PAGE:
Since the release of sexual energy was creative, and therefore the repression of sexual energy was destructive, it followed, in Sanger's logic, that the traditional approach to sexuality had to be replaced. That meant, of course, the necessity of breaking down the "codes that have surrounded sexual behavior in the so-called Christian communities, the teachings of the churches concerning chastity and sexual purity, the prohibitions of the laws, and the hypocritical conventions of society."
As a consequence, Sanger became a direct opponent of Christianity, especially the Catholic faith, for the Church was the greatest obstacle opposing the release of the "dynamic energy" of sexuality, and such obstruction for Sanger was "nothing less than foolhardy."
"Instead of laying down hard and fast laws of sexual conduct, instead of attempting to inculcate rules and regulations," as the Church had done, "the teacher of Birth Control seeks to meet the needs of the people," she wrote.
What do people need?
As we have seen, the wrong sort of people need to be taught (or forced) to quit breeding altogether. The right people need to be taught "the power to control this great force" of sexual energy "to use it," she wrote, "to direct it into channels in which it becomes the energy enhancing their lives and increasing self-expression and self-development."
Sanger longed to create an earthly paradise, one in which the free expression of sexuality would replace the need for religion by creating a new religion. "Through sex," she wrote, "mankind may attain the great spiritual illumination which will transform the world, which will light up the only path to an earthly paradise. So must we necessarily and inevitably conceive of sex-expression."
No longer would humanity foolishly yearn for a world to come, for "in that dawn men and women will have come to the realization, already suggested, that there close at hand is our paradise, our everlasting abode, our Heaven and our eternity."
Sanger not only preached this new religion; she practiced it as well. Sexual fulfillment had been, from very early on, the criterion by which she thought marriage should be judged. When marriage proved sexually unsatisfying, it should be dissolved. Even better, marriages should be "open" to sexual fulfillment elsewhere.
Following her own advise, she carried on at least six unconcealed premarital and extramarital affairs. As contemporary Mildred Dodge wrote of her: "She was the first person I ever knew who was openly an ardent propagandist for the joys of the flesh."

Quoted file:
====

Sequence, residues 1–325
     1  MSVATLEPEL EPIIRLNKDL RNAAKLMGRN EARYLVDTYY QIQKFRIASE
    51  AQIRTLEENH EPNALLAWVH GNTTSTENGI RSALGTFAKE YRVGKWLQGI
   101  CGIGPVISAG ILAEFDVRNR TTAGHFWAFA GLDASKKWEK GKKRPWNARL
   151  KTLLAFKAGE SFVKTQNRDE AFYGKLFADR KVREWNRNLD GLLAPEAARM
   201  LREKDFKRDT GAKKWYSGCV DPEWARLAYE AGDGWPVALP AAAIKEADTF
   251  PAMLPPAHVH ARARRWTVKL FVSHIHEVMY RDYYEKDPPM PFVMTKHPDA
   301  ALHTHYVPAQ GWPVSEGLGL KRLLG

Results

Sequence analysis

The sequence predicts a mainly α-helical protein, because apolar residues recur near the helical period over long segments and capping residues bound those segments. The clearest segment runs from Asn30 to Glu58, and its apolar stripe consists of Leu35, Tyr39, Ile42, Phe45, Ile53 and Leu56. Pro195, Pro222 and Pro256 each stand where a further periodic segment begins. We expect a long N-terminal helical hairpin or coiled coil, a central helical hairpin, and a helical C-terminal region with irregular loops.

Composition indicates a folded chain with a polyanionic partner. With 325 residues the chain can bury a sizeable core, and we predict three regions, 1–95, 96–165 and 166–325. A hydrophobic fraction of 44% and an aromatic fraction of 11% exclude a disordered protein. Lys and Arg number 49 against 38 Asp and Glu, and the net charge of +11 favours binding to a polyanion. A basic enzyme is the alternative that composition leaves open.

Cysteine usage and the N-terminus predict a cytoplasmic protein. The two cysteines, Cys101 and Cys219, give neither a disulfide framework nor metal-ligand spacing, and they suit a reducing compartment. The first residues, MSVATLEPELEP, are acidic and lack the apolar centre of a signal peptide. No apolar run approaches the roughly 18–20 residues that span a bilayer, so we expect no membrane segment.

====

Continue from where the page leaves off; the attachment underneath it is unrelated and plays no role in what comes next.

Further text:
Even though she was an advocate of "more children from the fit, less from the unfit," she had only three children, and paid relatively little attention to them.
As her son Grant stated, "Mother was seldom around. She just left us with anybody handy and ran off we didn't know where."
Although Sanger died in 1966, her legacy lives on in Planned Parenthood. The liberation of sexuality from all traditional moral restraints is still central to its agenda, as is clear from International Planned Parenthood's recent Youth Manifesto, which states that "young people must be able to have pleasure and confidence in relationships and all aspects of sexuality." This demands that "society must recognize the right of all young people to enjoy sex and to express their sexuality in the way that they choose."
As with Sanger, contraception is the means to bring about this sexual paradise.
But with the release of sexuality from procreative ends, and making of it merely a "creative" means for "enhancing … lives and increasing self-expression and self-development," abortion has become a necessity. It is no accident that Planned Parenthood is both the largest educative force for Sangerian sexuality, and the largest abortion provider. Furthermore, with the advent of prenatal screening, abortion is bringing about Sanger's eugenic "dream" of eliminating "the mentally and physically defective," "the dead weight of human waste," as she called them.
Sanger's "great spiritual illumination" did indeed "transform the world" but in such a way as to usher in not an "earthly paradise," but the culture of death.
Ben Wiker. "Angry White Female: Margaret Sanger's Race of Thoroughbreds." National Catholic Register. (June 24, 2001).